Monday, May 6, 2013


During my reading of the article on Hmong LGBT, my initial reaction is that the scholar is not dissecting any issues and just quoting the participants. I feel that the author wasn’t really doing his/her job; instead the participants did all of the analysis.  I guess one reason for this is because the topic is so new that the people who experienced it themselves are the ones who are guiding and doing the research. In addition to this article, I want to add gender roles and adulthood into Hmong LGBT issues. In the Hmong culture, masculinity and femininity are tied to marriage. You are not masculine if you do not marry a woman and have kids; and you are not feminine if you don’t have children. Furthermore, you are only considered an adult when you are married with kids. If anyone, whether gay, lesbian, or trans, break these additional lines, they will be ostracized.
A pattern I see with the Hmong and Vietnamese article is the structure of family and community. Because both culture revolve around immediate and extended family structures so much, it becomes an additional social control to keep people in check. They are not only afraid of the consequences given to them, but of the stigma that falls on their immediate and extended family members. Also, the ethnic community is tightly knitted meaning that one’s coming out has far reaching ramifications for all of one’s family and oneself. Lastly, I find interesting that the Vietnamese created a new term to describe the new identity. Its historical evolution is very insightful. The Hmong language does not have a uniquely native term for such identification. My question is, how does foreign language evolve within the USA to address 21st century issues? Do they create new words and if they do, how? Or do they just adopt American terminology?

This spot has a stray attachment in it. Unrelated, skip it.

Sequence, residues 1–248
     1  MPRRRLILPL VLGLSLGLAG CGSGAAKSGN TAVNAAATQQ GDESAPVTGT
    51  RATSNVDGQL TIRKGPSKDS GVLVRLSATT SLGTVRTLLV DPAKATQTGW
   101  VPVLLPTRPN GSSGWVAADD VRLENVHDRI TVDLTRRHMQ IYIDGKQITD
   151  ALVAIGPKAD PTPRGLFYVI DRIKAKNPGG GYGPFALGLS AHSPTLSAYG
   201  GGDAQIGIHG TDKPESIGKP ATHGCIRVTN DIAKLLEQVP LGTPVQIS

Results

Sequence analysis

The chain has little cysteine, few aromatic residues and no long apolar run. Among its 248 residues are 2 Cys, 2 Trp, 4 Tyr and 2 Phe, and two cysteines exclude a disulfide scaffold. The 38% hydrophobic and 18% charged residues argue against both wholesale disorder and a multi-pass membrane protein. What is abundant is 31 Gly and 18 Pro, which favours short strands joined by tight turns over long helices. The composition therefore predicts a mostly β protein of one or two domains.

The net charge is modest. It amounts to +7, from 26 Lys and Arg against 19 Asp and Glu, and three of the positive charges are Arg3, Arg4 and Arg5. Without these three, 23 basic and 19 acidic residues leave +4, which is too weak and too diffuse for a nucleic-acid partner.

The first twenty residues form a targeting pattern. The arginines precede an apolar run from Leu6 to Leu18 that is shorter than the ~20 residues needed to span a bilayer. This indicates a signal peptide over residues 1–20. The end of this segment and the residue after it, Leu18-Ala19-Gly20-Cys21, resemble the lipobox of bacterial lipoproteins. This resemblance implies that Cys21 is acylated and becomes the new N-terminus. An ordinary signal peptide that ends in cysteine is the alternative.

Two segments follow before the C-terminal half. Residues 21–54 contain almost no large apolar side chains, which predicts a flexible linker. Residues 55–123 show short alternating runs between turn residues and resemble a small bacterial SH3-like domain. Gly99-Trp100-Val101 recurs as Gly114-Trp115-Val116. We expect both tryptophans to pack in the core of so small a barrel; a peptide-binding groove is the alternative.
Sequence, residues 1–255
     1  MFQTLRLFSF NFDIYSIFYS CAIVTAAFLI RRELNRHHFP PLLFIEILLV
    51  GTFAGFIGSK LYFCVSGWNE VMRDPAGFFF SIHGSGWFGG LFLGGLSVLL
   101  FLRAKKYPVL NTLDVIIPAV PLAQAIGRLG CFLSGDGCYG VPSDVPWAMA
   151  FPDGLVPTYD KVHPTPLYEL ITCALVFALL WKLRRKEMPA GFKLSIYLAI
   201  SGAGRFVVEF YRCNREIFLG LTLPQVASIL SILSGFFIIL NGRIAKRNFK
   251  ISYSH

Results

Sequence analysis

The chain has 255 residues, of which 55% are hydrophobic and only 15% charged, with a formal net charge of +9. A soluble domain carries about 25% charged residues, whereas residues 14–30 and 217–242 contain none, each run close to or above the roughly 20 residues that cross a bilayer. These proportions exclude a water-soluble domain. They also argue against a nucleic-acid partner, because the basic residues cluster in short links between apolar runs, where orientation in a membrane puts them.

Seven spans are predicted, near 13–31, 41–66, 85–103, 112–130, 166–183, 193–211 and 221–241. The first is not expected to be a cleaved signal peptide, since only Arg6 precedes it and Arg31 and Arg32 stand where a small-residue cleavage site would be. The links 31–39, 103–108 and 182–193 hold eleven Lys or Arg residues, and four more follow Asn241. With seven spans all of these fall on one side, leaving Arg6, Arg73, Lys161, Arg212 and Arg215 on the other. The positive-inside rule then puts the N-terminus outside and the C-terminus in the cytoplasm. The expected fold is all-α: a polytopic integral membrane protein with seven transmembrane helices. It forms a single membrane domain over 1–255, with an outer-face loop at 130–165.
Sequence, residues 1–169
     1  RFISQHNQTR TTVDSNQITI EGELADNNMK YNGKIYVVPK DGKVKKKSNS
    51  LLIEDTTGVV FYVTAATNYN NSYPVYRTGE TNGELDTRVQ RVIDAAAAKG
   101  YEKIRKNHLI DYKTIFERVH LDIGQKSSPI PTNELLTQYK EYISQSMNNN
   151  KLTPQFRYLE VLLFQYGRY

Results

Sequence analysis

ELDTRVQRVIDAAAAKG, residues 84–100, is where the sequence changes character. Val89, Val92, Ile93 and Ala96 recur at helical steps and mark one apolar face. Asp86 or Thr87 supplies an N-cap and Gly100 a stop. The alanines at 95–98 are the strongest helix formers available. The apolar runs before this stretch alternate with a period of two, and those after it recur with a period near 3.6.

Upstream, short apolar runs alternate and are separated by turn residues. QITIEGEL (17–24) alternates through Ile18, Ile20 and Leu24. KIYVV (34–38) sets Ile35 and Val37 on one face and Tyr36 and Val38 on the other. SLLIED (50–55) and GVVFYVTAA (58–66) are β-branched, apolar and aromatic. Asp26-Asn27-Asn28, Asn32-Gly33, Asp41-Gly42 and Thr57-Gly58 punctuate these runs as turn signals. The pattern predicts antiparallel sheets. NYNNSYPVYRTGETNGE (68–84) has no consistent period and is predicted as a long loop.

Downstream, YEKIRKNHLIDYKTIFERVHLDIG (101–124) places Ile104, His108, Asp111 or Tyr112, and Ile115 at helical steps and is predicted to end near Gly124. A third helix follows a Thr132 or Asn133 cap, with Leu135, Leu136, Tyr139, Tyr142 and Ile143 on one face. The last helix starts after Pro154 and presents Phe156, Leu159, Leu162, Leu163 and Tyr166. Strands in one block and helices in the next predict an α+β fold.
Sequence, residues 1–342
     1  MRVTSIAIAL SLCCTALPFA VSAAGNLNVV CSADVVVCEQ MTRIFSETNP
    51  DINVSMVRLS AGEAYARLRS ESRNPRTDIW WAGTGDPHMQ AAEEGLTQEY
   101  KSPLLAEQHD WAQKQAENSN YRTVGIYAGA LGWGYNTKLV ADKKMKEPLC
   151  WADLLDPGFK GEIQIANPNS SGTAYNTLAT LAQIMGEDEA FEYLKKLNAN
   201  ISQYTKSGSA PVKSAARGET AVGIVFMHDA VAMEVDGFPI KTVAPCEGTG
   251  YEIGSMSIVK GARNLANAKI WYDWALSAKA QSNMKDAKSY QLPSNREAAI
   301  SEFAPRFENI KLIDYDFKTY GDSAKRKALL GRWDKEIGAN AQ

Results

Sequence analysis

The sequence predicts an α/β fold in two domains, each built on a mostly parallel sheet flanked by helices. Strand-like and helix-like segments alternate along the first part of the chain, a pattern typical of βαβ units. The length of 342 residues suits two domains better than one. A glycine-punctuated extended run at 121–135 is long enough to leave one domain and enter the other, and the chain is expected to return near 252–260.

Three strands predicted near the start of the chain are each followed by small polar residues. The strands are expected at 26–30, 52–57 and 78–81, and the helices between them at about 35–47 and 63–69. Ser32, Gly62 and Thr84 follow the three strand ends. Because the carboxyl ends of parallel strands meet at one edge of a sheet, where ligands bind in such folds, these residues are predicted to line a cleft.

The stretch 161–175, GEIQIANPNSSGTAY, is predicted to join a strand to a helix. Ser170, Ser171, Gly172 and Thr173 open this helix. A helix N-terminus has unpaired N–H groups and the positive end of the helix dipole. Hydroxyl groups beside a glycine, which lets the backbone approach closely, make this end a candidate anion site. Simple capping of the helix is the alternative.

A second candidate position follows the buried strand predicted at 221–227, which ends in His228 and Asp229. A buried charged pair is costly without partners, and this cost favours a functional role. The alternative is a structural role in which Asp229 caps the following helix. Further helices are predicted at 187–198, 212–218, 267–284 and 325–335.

No comments:

Post a Comment